In the next weeks, the TED Blog will shine the spotlight on the fantastic TED volunteer translators — offering a glimpse of the people whose efforts continue to enrich the Open Translation Project. Today, we’d like you to meet Anwar Dafa-Alla.
Tell us about yourself.
I’m married and have a small Sudanese family, my beloved wife Salma and my lovely daughter Egabl, the most valuable people in my life.
I’m the oldest brother of nine, four boys and four girls.
I worked as web designer/developer during my university days, and then as a part-time lecturer in my home town after graduation, for two colleges, and I established my own small company in the capital city of Khartoum in 2003, just before I came to South Korea and joined the Master course in Chungbuk National University, CheongJu, Chungbuk, Korea.
I finished my Master course in 2006, established my own company here also, till I suspended it and switched again to full-time Ph.D student at the same lab, hopefully to graduate next year, 2010. My research areas include, but are not limited to, databases, data mining, security, social networks, Internet applications and some mathematics.
What drew you to TED?
Some Sudanese friends and I are sharing video lectures, papers and whatever comes to our hands. My lab mate sent me a link to a very inspiring talk. Later I watched the “African Einstein” talk by Neil Turok. The first thing came to my mind is how to spread this talk to many people in my country and our continent.
We love to follow the new ideas and discoveries from all disciplines. And I’m always optimistic that the best that humanity can offer has yet to come.
Participating in establishing several NGO and groups in Sudan, such as Sudan Developers Association, I believe in the ability of open source and collaboration work in changing our world to a better place.
And that’s exactly what I found in TED. I believe that every idea worth spreading, no matter what’s my humble opinion about it, reveals some “hidden possibility” in human-human interaction or even human-machine interaction. I’m a big fan of Hans Rosling, and I always whisper to myself: let my dataset change your mindset. :-)
Why do you translate?
I’m a kind of restless guy, so I would do more than one task in parallel (multitask). Education is a life mission for me, through which my country Sudan, my continent, Africa, and the whole world can flourish.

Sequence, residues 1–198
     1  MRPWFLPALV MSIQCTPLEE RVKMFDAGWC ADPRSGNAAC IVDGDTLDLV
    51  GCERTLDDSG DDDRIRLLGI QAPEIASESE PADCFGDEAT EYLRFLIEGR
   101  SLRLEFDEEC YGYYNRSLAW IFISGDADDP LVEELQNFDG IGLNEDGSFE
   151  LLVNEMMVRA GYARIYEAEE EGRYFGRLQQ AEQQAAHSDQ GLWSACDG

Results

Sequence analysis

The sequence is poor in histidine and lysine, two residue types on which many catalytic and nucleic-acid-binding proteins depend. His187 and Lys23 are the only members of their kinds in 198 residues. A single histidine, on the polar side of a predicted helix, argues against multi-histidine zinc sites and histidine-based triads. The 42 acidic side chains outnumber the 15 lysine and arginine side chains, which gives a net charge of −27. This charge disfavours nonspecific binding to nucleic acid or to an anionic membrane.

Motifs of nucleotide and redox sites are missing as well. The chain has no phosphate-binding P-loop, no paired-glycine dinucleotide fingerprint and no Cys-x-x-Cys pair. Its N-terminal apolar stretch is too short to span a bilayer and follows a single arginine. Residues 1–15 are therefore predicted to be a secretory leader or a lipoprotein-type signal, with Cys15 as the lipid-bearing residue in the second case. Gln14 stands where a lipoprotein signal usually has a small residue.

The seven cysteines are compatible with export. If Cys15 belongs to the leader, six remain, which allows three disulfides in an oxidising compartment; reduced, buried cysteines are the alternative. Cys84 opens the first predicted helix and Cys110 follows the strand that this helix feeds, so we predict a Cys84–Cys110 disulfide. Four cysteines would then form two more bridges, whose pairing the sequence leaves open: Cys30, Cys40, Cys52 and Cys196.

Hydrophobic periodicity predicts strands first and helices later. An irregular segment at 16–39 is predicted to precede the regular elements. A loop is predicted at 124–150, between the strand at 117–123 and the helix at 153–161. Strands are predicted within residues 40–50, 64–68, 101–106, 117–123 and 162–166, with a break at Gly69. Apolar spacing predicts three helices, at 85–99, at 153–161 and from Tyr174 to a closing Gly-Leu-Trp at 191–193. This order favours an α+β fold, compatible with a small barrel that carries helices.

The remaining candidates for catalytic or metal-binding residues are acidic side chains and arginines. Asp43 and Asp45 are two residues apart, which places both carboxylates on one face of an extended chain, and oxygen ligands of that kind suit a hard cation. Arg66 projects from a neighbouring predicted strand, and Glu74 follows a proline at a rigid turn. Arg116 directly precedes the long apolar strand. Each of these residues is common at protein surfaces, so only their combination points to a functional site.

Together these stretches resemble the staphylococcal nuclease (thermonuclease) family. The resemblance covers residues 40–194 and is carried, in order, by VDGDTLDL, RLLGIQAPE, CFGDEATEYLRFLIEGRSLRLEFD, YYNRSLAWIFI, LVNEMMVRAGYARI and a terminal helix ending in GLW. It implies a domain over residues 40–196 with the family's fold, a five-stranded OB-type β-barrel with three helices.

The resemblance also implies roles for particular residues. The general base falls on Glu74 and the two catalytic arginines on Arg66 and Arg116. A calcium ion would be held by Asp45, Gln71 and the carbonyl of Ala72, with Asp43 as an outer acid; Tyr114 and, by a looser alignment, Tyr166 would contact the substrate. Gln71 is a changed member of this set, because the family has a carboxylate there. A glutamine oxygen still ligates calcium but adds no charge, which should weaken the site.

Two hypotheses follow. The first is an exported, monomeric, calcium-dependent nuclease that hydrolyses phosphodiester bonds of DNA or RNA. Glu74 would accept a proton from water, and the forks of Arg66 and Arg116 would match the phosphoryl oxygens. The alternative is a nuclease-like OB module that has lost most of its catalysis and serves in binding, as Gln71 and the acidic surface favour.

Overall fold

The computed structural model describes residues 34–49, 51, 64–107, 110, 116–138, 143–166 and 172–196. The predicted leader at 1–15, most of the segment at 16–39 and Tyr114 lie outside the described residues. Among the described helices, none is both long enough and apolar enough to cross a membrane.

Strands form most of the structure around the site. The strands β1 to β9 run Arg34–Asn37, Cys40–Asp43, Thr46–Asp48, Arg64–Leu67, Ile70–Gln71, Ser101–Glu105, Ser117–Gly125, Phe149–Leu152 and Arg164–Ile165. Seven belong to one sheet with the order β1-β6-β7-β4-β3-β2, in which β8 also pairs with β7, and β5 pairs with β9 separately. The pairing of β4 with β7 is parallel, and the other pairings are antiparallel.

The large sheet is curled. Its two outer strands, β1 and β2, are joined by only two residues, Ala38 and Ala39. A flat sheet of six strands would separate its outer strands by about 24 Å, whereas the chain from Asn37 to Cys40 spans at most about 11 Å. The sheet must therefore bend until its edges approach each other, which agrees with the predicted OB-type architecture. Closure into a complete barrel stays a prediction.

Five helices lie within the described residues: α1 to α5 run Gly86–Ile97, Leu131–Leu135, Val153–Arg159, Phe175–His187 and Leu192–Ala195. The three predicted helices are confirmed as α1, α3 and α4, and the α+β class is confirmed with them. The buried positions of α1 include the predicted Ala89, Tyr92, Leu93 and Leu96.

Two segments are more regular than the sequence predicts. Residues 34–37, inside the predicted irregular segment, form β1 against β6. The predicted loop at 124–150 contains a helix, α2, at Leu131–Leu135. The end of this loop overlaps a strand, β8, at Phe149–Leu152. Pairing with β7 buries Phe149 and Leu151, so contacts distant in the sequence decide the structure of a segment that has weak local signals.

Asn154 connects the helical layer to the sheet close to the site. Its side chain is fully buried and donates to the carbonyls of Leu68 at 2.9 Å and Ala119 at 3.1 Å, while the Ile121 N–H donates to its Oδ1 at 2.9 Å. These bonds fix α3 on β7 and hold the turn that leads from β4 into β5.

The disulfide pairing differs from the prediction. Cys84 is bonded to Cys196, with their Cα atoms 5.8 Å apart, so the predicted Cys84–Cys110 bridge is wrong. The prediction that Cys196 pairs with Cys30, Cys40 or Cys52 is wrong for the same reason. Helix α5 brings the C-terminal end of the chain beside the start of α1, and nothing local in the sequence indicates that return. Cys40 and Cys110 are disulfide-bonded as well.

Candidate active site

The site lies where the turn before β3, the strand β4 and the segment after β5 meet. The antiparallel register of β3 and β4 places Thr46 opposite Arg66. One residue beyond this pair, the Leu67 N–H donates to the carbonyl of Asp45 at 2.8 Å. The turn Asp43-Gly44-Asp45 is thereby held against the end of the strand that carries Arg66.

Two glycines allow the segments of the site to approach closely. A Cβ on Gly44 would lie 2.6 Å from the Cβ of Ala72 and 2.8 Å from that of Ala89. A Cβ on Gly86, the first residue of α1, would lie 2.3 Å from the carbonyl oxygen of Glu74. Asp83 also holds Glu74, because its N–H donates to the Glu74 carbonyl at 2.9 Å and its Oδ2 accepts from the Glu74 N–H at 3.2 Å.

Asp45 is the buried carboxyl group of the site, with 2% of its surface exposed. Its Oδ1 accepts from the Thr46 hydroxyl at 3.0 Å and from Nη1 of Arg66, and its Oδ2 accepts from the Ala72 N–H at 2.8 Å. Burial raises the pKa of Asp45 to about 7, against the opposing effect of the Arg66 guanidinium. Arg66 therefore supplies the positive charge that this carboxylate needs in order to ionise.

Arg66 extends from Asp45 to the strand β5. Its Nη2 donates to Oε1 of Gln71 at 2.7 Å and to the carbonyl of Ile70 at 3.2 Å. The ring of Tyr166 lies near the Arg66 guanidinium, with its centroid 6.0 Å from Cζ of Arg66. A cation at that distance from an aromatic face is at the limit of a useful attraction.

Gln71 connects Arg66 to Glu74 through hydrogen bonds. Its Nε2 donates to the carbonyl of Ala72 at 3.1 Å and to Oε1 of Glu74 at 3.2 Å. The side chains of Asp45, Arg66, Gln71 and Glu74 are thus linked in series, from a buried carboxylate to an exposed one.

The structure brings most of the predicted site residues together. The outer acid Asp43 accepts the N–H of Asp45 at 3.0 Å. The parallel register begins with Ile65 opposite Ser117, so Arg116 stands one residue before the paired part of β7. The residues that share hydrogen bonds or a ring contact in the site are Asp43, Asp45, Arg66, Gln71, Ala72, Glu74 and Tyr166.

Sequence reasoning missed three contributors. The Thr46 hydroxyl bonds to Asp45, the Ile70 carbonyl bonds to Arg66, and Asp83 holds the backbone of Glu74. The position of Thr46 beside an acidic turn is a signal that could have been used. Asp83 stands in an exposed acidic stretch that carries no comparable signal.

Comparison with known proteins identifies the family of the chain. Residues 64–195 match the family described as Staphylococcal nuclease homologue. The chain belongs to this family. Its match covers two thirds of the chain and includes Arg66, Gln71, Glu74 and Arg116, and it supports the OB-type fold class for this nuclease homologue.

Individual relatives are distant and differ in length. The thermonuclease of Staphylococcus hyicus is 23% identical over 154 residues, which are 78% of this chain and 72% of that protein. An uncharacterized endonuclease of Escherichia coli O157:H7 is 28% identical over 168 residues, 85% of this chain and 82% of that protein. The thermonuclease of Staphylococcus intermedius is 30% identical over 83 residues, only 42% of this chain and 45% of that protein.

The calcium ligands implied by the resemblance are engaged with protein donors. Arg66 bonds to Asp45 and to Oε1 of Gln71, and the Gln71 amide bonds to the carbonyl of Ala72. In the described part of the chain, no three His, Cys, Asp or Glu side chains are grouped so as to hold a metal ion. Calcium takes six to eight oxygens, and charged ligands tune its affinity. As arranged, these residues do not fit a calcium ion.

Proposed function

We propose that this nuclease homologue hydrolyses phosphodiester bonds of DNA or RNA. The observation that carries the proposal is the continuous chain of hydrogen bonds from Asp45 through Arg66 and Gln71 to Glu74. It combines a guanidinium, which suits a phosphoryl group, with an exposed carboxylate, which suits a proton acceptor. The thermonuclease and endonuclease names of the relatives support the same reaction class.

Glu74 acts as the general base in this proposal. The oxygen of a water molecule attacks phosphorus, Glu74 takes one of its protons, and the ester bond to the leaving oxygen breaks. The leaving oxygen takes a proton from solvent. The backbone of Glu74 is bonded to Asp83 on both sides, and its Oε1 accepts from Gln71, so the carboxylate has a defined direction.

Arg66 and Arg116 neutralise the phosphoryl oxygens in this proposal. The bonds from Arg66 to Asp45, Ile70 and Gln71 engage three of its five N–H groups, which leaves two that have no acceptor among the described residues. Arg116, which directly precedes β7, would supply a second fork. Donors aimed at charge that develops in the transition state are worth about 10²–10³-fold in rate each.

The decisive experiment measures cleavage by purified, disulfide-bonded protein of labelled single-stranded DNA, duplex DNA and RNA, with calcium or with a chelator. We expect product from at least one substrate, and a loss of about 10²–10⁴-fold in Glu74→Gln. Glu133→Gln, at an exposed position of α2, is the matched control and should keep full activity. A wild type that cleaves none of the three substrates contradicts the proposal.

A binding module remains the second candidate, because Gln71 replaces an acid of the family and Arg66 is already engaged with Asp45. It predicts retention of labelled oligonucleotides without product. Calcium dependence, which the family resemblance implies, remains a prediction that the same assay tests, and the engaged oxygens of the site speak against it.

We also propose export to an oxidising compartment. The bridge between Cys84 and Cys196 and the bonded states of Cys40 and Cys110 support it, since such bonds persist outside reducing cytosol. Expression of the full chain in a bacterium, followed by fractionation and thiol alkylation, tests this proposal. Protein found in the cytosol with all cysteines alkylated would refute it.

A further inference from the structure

I translate for the millions of Arabic language speakers (spoken by more than 280 million people as a first language). I translate because it’s a way to promote mutual respect between different cultures, people, religions, etc. Translation is a way to exchange ideas among us as humans.
I also translate for my friends; I think it’s a good gift that could change something in their lives. I translate for my daughter, your daughter and every kid and for the coming generations. I hope they’ll one day benefit a little from my translations.
Participating in the translation project is good method to show how compassionate we are toward each other, given that Arabic speakers are from different religious and cultural backgrounds.
Being from a country like Sudan, 7,000 years old, and the first civilization that built pyramids, I translate to promote peace and prosperity in my country also, complementing the efforts of my friend Emmanuel Jal who has done good steps that will change people’s perception about our Sudan — even among Sudanese themselves. The message of peace and love, that we’re one people, one nation, unlike what politics suggest. So, through translation I can change a little bit as well.
Currently my country has some conflicts; a lot of people have a single story about Sudan; even in our neighbor countries, we are stereotyped in a bad way. And that must be changed by us, solving our problems and participating actively in the global society. I met with a lot of talented people in Sudan; they couldn’t get the chance to show their creativity. For example, I met with Mamoun, 12 years old boy who does mathemagic. Unfortunately, he’s suffering from a disease.
I translate also because it tends to create new tribes and I meet a lot of great people. One of my favorite hobbies is to know people and cooperate with them for good causes. I would like to thank everyone who contributes something through TED, the compassionate place, where the are great Ideas Worth Spreading.